Eating practices of the best endurance athletes in the world

Kenyan runners tend to eat a limited variety of foods, and that was certainly the case with these elite athletes. Most of their nutrients came from vegetable sources, and the "staple" edibles were bread, boiled rice, poached potatoes, boiled porridge, cabbage, kidney beans and ugali (a well-cooked, corn-meal paste that's molded into balls and dipped into other foods for flavoring).

Meat (primarily beef) was eaten just four times a week in fairly small amounts (about 100 grams -- 3.5 ounces a day). A fair amount of tea with milk and sugar was imbibed on a daily basis (more on this in a moment).

If you're thinking about heading to a nutritional-supplement store to purchase some performance-enhancing supplements (or you already purchase on a regular basis), bear in mind that the Kenyan runners were not taking supplements of any kind. There were no vitamins, no minerals, no special formulations or miracle compounds, nada. The gold-medal-winning Kenyans adhered to the odd philosophy that regular foods could fuel their efforts quite nicely.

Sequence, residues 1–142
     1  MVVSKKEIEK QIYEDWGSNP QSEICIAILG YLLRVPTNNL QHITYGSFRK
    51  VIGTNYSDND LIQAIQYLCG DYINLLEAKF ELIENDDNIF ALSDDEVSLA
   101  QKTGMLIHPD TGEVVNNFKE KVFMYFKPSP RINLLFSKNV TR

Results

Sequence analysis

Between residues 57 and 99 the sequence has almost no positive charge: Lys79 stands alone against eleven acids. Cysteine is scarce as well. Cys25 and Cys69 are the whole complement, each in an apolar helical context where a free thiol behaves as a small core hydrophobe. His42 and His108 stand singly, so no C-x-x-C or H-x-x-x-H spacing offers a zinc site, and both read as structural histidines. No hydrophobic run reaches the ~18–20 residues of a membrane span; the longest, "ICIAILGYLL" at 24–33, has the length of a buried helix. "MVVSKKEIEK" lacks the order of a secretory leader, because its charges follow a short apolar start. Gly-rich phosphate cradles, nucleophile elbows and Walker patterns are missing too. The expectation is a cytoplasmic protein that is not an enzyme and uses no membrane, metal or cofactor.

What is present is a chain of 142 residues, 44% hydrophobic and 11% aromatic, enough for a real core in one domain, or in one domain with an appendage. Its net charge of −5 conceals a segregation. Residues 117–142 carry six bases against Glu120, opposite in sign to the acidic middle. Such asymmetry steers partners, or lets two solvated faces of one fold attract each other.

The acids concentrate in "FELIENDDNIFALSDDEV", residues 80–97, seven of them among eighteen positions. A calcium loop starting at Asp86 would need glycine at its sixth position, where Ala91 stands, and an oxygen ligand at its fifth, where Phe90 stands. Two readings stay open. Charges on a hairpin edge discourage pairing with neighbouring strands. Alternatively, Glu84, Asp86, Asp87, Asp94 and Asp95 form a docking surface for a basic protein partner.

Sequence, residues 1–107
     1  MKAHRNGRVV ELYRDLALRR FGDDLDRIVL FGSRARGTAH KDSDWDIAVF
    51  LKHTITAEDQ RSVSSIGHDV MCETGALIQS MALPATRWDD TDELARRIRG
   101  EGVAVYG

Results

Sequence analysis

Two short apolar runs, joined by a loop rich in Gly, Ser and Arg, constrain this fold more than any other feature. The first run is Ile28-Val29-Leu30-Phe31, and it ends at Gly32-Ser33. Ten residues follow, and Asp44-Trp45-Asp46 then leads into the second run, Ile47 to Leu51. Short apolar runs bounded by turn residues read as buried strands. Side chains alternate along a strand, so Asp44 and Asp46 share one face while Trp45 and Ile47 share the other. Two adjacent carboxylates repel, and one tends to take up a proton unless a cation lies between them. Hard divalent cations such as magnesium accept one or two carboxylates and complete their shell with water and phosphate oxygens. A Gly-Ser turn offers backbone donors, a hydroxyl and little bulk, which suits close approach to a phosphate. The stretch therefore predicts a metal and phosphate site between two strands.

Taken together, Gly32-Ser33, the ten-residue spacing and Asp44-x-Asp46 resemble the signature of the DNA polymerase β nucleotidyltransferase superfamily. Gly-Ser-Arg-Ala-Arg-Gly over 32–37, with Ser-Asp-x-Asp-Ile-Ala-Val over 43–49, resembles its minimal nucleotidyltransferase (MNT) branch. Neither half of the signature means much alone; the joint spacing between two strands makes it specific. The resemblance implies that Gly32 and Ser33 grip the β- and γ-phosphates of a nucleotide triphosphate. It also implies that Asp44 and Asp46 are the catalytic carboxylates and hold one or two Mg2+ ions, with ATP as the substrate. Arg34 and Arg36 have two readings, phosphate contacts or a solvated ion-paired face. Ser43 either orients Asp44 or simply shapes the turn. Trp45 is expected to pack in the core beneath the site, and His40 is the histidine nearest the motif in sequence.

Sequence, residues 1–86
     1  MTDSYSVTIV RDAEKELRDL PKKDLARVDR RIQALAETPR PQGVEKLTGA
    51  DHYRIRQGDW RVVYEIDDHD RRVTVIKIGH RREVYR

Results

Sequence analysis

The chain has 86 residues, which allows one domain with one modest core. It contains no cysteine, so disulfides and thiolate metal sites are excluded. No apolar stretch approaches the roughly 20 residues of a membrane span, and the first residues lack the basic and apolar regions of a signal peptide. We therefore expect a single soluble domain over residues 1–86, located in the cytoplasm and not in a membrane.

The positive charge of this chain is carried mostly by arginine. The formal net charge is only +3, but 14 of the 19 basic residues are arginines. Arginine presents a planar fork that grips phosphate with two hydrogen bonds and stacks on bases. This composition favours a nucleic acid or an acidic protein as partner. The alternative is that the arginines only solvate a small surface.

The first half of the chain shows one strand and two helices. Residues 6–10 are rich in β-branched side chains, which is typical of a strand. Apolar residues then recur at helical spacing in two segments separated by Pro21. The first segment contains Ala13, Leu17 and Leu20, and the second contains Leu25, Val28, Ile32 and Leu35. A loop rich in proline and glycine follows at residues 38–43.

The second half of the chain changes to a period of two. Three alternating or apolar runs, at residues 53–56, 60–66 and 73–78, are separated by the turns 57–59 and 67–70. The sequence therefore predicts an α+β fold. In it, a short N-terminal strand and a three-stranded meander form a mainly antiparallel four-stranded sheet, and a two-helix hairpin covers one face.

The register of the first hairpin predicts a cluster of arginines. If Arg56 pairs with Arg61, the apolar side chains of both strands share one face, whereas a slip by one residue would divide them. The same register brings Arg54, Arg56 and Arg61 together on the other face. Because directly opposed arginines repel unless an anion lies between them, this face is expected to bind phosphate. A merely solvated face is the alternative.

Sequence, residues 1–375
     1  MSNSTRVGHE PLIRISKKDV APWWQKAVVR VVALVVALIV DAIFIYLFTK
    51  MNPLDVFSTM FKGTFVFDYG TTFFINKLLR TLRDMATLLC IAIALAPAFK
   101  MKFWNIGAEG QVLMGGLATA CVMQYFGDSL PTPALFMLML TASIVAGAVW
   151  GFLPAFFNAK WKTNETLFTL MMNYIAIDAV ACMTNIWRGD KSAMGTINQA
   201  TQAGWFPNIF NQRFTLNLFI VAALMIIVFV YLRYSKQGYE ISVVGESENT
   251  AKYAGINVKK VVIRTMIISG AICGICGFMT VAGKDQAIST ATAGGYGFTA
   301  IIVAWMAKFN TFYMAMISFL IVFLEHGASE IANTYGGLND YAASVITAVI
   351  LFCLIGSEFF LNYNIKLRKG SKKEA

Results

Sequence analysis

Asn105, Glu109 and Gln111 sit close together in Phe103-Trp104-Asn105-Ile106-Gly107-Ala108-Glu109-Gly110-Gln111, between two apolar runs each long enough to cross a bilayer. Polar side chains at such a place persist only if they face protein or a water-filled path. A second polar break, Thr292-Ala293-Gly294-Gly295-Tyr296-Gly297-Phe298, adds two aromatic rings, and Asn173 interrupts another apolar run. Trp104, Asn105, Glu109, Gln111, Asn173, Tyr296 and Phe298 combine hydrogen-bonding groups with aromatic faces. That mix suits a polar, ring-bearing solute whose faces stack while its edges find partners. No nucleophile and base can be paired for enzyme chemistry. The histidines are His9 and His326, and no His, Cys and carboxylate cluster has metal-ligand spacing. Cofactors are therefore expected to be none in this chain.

Quality running

The Kenyan runners' training during the seven-day study period was straightforward. The athletes trained mostly as a group, two times a day, with a 6 a.m. run followed by an afternoon run at around 5 p.m. The 6 a.m. run was six to nine miles at varying speeds, including a nice chunk of high-quality running at a pace as high as four minutes per mile.

The afternoon runs usually centered on four to five miles at an easy pace (note that this works out to a weekly total of about 75 miles). Once a week, the two 1,500-meter runners carried out high-speed interval training.

A very interesting observation was that each elite Kenyan spent just 1.2 hours per day running, with about 33 percent of this consisting of "quality running." This means that the elite-Kenyans' daily "intake" of quality running was about 23 minutes.
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